South Korea Takes Legal Step to Stamp Out Unregistered Crypto Exchanges

Bosses of cryptocurrency exchanges that fail to register with South Korea's top financial regulator may soon face jail time.
Earlier on Thursday, the National Assembly's Amendment Subcommittee on Parliamentary Affairs passed a legal amendment to the still-in-development Special Financial Transactions Information Act to force virtual asset exchanges to register with the Financial Services Commission (FSC). Those failing to do so would face up to five years in prison or a fine of up to 50 million won ($42,460), according to a report from CoinDesk Korea.
Under the amendment, aimed to align the industry with international anti-money laundering guidance from FATF, crypto exchanges must also have so-called real name virtual bank accounts – sub accounts for users within an exchange's primary account – to avoid falling foul of the legislation.
According to the report, opposition lawmakers had expressed concerns that that exchanges without real-name virtual accounts would be forced to close, bringing further contraction of the domestic cryptocurrency industry.
In early 2018, the FSC outlawed anonymous virtual accounts with the result that only four exchanges were left with real-name virtual accounts through contracts with local banks: Bithumb, Upbit, Corbit, and Coinone.
As a result of the concerns, the amendment, if passed into law, would make it easier for exchanges to qualify for real-name virtual accounts.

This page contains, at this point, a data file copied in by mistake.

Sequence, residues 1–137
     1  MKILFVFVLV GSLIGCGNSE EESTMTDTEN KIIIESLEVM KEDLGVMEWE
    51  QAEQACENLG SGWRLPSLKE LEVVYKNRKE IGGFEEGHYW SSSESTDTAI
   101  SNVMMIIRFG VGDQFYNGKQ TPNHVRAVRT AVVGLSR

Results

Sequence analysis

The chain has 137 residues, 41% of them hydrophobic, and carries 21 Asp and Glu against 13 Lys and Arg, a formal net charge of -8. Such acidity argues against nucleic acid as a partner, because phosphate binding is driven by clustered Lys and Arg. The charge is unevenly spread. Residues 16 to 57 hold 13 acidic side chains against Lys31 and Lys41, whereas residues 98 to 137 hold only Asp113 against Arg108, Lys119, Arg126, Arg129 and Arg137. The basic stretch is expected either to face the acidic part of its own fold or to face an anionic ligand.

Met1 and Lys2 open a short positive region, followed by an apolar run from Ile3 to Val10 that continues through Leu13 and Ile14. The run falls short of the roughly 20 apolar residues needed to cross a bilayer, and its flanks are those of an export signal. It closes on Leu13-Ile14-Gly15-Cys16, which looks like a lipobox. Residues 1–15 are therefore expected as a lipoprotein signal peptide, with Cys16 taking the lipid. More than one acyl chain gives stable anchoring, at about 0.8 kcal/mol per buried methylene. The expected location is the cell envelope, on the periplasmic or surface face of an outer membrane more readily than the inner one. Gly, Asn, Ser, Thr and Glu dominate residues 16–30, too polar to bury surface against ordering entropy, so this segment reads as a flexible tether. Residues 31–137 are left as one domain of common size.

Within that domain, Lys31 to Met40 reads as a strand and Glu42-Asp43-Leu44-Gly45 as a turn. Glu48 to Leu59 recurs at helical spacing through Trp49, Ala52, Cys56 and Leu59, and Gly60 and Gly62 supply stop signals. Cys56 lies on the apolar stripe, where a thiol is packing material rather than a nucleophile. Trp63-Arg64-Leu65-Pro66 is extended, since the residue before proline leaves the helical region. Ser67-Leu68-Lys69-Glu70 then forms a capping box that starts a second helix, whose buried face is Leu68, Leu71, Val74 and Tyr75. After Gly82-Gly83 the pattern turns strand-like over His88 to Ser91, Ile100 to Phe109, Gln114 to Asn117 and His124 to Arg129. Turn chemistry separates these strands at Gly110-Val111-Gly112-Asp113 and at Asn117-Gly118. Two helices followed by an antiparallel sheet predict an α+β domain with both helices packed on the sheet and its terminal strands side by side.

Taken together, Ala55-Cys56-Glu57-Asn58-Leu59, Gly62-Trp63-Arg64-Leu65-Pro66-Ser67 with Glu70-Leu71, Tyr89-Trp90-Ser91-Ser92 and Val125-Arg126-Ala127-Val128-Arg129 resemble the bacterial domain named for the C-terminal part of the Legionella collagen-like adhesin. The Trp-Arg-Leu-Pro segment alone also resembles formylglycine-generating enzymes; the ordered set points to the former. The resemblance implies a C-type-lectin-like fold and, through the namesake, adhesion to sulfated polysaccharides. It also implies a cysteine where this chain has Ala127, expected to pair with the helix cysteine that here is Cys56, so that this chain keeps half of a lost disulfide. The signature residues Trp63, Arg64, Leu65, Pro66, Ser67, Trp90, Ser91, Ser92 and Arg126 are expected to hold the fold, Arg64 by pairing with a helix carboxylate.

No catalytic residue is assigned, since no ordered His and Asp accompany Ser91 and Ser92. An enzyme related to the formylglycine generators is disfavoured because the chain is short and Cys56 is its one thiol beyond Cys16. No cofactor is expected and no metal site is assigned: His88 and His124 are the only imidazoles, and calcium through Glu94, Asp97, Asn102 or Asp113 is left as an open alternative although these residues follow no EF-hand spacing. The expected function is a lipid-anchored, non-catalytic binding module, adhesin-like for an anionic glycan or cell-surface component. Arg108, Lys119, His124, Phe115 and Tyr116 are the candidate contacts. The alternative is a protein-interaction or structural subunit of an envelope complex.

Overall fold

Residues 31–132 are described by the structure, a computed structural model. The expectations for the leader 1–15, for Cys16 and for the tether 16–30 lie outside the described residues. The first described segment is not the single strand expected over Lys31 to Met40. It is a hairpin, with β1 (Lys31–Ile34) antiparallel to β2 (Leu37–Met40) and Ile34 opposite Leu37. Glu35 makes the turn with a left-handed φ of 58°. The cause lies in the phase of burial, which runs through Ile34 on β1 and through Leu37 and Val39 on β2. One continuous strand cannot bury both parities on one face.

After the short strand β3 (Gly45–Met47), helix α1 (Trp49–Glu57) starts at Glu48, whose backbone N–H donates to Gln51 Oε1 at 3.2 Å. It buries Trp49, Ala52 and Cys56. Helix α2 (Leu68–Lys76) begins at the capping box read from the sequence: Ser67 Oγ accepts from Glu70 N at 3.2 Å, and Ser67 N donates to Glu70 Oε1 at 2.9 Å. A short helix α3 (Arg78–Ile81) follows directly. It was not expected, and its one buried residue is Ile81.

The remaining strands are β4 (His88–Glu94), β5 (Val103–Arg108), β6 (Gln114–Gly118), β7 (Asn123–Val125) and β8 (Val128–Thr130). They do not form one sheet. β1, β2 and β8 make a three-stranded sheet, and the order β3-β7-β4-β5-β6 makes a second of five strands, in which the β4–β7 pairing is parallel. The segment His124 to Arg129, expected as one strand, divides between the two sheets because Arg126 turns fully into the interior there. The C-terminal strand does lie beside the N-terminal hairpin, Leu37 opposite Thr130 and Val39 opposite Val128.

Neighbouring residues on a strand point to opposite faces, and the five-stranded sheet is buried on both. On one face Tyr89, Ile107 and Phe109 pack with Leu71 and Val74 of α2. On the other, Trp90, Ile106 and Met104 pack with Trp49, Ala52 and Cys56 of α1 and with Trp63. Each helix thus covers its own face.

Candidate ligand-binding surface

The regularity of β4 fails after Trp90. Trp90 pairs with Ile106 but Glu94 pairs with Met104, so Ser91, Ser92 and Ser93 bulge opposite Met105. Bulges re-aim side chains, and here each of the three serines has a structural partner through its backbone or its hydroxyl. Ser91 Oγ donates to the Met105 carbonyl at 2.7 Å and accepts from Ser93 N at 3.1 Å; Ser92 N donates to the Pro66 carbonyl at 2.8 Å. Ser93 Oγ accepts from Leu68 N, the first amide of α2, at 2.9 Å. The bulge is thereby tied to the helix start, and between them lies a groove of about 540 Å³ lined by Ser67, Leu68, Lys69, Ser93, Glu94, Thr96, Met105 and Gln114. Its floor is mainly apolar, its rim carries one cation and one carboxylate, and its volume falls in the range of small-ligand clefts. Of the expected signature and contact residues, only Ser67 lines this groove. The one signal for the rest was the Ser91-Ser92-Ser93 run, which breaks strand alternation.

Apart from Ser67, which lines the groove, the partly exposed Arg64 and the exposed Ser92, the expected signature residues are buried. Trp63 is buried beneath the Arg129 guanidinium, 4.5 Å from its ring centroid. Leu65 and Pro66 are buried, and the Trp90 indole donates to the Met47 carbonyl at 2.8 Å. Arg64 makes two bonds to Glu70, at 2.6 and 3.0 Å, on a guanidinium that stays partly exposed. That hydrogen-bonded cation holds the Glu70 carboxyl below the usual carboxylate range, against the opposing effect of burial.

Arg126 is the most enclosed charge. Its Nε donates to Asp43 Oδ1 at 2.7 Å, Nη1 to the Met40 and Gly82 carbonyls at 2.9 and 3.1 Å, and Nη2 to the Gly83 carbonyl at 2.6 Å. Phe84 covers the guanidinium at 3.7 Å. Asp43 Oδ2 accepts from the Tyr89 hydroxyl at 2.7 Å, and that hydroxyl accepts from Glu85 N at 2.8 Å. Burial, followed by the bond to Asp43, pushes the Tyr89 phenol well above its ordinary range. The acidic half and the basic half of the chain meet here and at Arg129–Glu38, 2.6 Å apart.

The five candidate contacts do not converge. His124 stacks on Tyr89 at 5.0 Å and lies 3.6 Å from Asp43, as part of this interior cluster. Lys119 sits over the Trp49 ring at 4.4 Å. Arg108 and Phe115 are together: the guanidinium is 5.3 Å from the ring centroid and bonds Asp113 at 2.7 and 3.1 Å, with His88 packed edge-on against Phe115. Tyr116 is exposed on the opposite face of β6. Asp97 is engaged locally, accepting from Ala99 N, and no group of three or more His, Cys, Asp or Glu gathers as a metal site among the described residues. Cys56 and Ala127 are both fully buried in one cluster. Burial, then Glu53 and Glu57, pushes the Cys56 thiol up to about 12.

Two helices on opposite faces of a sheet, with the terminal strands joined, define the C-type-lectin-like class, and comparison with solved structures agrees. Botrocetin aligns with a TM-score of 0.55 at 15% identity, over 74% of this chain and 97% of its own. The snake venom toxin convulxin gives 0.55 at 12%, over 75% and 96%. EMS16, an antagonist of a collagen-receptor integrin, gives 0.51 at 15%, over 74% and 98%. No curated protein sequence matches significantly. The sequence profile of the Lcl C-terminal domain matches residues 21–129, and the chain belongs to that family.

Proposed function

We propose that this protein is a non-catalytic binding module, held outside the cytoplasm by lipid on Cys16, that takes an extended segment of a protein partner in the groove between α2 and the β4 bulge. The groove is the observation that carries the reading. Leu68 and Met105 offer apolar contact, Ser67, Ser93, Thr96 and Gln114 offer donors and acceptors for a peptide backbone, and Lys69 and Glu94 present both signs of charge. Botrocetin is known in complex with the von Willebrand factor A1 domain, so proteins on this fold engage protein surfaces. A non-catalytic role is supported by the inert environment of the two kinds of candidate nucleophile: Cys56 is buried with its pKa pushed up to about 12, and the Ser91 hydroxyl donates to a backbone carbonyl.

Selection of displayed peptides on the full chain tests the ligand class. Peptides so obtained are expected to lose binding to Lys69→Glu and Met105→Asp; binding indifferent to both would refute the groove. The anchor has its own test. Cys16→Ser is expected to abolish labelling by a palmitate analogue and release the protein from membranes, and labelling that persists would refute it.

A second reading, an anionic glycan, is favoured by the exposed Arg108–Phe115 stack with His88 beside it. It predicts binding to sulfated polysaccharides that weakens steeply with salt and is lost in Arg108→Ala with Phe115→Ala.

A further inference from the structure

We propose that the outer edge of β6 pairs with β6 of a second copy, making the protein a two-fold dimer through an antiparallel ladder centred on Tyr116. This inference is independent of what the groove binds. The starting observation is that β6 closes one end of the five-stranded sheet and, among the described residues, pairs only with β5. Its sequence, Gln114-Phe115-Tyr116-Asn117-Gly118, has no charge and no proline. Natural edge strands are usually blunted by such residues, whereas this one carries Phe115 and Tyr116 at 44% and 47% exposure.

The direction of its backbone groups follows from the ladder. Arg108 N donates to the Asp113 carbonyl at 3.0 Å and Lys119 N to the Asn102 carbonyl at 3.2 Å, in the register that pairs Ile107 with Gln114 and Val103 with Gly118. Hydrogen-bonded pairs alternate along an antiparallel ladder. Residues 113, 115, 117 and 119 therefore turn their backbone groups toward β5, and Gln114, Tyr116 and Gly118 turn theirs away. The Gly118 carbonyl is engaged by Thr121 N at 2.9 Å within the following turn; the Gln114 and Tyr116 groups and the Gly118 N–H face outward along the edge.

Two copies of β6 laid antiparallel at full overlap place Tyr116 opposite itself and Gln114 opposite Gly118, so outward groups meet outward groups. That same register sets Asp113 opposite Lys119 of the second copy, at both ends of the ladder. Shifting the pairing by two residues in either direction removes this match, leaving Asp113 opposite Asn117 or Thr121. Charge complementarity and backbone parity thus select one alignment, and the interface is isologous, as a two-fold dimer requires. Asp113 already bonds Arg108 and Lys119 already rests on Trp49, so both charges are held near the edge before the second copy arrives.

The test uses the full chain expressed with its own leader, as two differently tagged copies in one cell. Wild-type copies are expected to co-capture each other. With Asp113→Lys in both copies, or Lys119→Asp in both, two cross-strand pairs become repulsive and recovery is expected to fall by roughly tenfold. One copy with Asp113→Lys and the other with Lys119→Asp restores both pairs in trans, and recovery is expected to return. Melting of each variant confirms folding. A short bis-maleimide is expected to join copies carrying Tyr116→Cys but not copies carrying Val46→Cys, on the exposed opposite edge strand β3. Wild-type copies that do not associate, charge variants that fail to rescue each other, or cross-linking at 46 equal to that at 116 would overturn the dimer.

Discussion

Lee Jun-haeng, CEO of the Gopax exchange, which does not have a real-name virtual account as yet, said the change would make for a "healthy" market as long as the system is fair.
Also loosened in the legislation is the obligation for certification of an exchange's information security management system. The committee agreed to give a grace period for reapplication should certification fail initially.
The Special Financial Transactions Information Act would ultimately mean that the crypto-related industry will move out of a regulatory gray area and enter the system as regulated financial institutions like banks, CoinDesk Korea says.
“It is expected to be the first step in the development of consumer protection and a stable market,” according to Jae-Jin Kim, secretary general of the Korea Blockchain Association.
The act, including the new amendment, is likely to be passed by the National Assembly, the report says. However, the amendment may see more changes after review from other government bodies.